The second evening of performance in the Nunnery new music series.
The idea that the shape of a sound might be reflected in a graphic shape; or that measuring and geometry relate to musical dynamics has influenced the appearance of modern notation and changed ideas about instructions for reading scores in performance. This musical reading of graphic devices has been a major intrigue of twentieth century visual practice so drawing itself has the impact of an event, a sign of an originating expressive gesture or, as Matisse might imagine, an acrobatic movement of the body through space.
R: So yeah, I’m listening to it as part of the process of composing…and then I might decide well what if I slow that bit down which you can also do very quickly. Er, and I often arrive at things by slowing them down and speeding them up, arrive at a kind of optimum speed for those notes.
T: That immediately strikes me as a really very painterly way of going about composition. You do the whole thing and then you kind of...
R: It is like dragging bits of paint around on a surface, yeah. And in fact, um, I’m telling you all of the juicy bits right at the start.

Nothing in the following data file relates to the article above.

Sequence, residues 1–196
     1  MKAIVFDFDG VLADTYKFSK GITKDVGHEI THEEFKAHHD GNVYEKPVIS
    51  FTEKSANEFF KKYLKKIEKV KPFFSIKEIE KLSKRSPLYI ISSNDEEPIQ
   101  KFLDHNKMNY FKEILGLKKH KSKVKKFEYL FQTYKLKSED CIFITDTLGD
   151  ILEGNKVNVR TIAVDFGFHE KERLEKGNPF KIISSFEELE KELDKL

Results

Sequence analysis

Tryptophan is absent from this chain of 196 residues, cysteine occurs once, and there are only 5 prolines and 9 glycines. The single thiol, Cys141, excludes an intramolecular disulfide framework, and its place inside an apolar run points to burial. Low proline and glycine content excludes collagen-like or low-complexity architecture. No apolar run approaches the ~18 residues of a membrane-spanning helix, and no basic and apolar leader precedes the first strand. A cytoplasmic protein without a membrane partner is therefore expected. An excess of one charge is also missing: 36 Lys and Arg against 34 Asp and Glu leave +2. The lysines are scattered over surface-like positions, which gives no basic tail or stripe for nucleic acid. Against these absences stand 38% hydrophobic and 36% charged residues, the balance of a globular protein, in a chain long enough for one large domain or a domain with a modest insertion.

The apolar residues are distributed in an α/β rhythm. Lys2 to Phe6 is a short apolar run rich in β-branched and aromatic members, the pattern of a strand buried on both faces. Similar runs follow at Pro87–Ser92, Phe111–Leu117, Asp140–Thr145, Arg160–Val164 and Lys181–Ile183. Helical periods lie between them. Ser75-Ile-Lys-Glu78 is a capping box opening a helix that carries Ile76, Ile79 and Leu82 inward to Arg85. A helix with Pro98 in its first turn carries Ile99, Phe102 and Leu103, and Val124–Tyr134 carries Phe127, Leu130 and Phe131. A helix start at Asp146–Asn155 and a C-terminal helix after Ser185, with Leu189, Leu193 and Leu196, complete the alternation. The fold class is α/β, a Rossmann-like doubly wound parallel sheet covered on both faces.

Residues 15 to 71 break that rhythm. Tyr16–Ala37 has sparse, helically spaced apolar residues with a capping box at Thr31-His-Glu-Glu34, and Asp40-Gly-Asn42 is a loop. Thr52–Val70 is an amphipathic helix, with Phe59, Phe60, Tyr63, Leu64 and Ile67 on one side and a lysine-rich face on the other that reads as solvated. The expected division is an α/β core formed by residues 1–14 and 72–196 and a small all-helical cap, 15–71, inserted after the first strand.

Interview, Richard Emsley and Tim Parkinson
Tim Parkinson is a composer who has presented many events as pianist and as performer ‘of any sound producing means’. His music has been performed internationally, and he has two Cds out on Edition Wandelweiser. He is a co-curator of the ‘music we would like to hear’ series of concerts since 2005.
Angharad Davies and Sarah Hubrich, violins; Anton Lukoszevieze, cello
Thomas Stiegler ‘Sonata Facile’ for violin
Tim Parkinson ‘Untitled’ for Cello’
Joseph Kudirka ‘Vincas/81’ for cello with bach-bogen
Jurg Frey ‘No1’ for two violins
Jurg Frey ‘No2’ for two violins
Joan Key, ‘Notes from Paintings’ for cello and violins
Marcus Trunk ‘Black on Maroon’ for scordatura cello
Chiyoko Szlavnics 'Interior Landscapes’ for two violins
Image ‘Many Lines’ courtesy Chiyoko Slavnics